There is no vaccine against malaria. The Travel Health Centers give you free medicine required during your travel. You should start using these pills before going on a trip and have to continue with these pills throughout your travels. But if you travel a long time, the drugs given to you from the Travel Health Center will not be enough for your entire trip. In this case you should resort to self-supply. Be aware that laxdrugs are quite expensive. Since you will be using drugs for a long time, you may be exposed to side effects. Taking a risk, you can use plenty of mosquito repellent to protect yourself from malaria without using the drug at all. You can talk to the doctor in the Travel Health Center and make the right decision in this regard.

7.Diphtheria – Tetanus – Whooping Cough Vaccine

Even if you will not travel, this is an important vaccine that you should routinely take. It is actually a vaccine shot routinely after birth. But the vaccine can be taken again because the dose of vaccine is decreasing day by day in our body. You can also take this vaccination at the Travel Health Center for free.

8. Hepatitis A and B Vaccines

If you have not had Hepatitis A and Hepatitis B vaccinations, you should do it before going out, especially Hepatitis B. These vaccines are available from any state hospital. Your blood samples will be taken and checked whether you have passed these two diseases before. According to the results, you have probably passed Hepatitis A and produced antibodies. If they are negative, they give you free Hepatitis B vaccine immediately.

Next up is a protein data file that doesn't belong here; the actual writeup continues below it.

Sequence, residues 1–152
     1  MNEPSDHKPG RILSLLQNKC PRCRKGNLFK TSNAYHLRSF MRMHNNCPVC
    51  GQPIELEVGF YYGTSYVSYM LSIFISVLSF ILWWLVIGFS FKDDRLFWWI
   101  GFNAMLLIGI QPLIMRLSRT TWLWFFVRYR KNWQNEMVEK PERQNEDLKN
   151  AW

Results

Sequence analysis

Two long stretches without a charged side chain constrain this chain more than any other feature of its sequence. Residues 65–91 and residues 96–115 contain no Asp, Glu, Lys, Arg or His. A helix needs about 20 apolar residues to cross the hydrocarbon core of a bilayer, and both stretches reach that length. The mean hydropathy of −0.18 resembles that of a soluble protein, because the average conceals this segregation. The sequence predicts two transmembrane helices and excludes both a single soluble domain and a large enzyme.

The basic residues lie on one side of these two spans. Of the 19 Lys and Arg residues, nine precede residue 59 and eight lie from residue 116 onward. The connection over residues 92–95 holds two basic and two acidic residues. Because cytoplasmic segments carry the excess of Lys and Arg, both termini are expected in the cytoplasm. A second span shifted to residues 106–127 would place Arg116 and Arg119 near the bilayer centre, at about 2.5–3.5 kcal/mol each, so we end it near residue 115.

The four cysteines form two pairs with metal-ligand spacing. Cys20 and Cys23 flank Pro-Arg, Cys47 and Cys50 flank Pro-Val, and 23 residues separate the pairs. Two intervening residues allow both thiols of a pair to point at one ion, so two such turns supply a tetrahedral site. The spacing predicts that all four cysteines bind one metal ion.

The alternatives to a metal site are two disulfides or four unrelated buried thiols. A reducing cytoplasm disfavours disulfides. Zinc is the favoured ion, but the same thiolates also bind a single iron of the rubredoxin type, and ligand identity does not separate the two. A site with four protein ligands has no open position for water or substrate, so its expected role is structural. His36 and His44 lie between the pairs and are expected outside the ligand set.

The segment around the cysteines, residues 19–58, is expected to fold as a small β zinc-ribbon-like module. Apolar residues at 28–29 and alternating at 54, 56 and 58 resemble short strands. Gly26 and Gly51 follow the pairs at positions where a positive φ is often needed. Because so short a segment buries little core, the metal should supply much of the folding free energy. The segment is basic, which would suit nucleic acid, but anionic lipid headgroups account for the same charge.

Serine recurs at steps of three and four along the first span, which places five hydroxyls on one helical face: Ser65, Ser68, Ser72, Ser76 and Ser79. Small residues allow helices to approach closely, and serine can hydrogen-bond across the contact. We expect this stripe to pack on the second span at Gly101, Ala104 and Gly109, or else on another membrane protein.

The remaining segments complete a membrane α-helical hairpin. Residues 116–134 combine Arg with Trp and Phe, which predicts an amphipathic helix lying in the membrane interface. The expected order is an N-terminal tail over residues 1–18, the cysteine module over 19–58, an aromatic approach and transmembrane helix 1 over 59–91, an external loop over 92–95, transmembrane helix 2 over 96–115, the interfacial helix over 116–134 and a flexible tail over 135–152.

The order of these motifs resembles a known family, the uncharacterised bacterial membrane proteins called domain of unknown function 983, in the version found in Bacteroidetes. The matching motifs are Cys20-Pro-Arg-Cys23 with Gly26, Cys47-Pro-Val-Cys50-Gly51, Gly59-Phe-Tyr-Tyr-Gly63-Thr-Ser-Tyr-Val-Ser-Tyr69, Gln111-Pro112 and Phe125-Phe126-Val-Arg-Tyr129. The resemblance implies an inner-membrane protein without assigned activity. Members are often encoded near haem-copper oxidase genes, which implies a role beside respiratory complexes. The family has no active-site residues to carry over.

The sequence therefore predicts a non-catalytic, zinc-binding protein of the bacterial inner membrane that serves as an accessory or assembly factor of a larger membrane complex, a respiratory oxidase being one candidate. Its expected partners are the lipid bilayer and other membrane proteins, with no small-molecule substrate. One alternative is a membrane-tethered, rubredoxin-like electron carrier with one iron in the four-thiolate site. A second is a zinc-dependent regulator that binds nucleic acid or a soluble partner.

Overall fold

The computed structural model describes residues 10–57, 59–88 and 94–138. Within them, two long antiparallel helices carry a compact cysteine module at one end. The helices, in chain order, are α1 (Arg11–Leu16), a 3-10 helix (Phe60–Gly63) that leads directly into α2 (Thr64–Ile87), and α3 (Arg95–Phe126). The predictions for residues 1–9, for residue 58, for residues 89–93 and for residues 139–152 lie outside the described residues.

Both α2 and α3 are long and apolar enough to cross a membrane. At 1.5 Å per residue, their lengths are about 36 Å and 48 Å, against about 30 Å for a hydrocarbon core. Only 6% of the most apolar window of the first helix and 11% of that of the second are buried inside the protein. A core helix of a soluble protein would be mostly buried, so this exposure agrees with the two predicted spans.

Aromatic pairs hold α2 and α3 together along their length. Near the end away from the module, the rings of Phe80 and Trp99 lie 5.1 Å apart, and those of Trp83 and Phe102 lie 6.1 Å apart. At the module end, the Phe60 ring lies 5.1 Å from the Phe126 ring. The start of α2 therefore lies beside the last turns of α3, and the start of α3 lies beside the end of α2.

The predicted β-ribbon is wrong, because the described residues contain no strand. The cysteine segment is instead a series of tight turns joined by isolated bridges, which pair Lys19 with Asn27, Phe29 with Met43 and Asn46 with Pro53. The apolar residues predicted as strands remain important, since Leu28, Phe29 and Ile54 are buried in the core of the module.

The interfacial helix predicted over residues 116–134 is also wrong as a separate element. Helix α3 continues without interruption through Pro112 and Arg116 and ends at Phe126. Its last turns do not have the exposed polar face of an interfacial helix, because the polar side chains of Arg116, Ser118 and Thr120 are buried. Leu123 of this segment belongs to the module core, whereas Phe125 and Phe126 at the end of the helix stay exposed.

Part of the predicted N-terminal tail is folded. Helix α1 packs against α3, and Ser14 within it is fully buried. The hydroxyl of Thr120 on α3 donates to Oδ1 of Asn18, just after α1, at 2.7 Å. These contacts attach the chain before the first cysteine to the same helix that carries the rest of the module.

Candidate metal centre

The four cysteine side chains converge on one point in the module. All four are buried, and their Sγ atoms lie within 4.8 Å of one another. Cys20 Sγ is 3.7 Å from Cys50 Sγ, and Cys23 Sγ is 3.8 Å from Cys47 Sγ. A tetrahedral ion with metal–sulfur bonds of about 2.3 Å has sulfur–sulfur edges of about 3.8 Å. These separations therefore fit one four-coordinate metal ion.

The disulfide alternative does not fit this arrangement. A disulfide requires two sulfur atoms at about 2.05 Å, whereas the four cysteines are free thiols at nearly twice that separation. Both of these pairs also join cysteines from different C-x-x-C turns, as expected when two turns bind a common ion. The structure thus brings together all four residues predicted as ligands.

8.1 Hepatitis A

If you are traveling to Central or South America, Caribbean, Asian except Mexico, Japan, Africa and Eastern European countries, you should have Hepatitis A vaccination if you need your vaccine results. Immunized vaccine-derived antibodies should be vaccinated 4 weeks before passenger’s travel, since they cannot be detected 2 weeks prior to vaccination. An additional vaccine given between 6 and 24 months later is also recommended. This program is expected to protect you for at least 10 years.

8.2 Hepatitis B

Particularly in areas where the infectious diseases are high risk such as China, Africa, Central Asia and North East, the Middle East and Eastern Europe must be hit by those who travel to those areas. Hepatitis B vaccine is administered in 3 doses. The interval between the first dose and the second dose is one month, and between the second and third one is 6 month. The disease is at risk for blood or blood products that are exposed to fluids or who enter unprotected sex. Other risks that may arise are health care (medical, dental, laboratory, etc.) and unsuitable sterilized acupuncture, piercings, tattoos, or injections and use of medicines that may cause you to experience illness.

Japanese Encephalitis.

Vaccination is important, but not enough. Additional suggestions to keep in mind:

  • Wash your hands often. For soap and water free conditions, use alcohol-based hand antiseptics.
  • If you are not sure of the cleanliness of the water only drink the boiled water or packaged bottles. Consumebeverages in bottles or boxes.
  • Do not use ice in your drinks.
  • Just eat the cooked foods. If you have to eat uncooked vegetables or fruit, absolutely peel them.
  • Before traveling, apply necessary medicine and other protective measures as recommended during travel and after travel.
  • Do not consume unpasteurized milk and dairy products.
  • Avoid swimming in unchlorinated fresh water environments such as pond as those have higher risk of microbes.
  • If you are not a professional, avoid touching animals and feeding them. If you are bitten or injured, consult a health facility immediately.
  • If you are traveling to risky areas with chances of Malaria, get additional information and medication advice for added.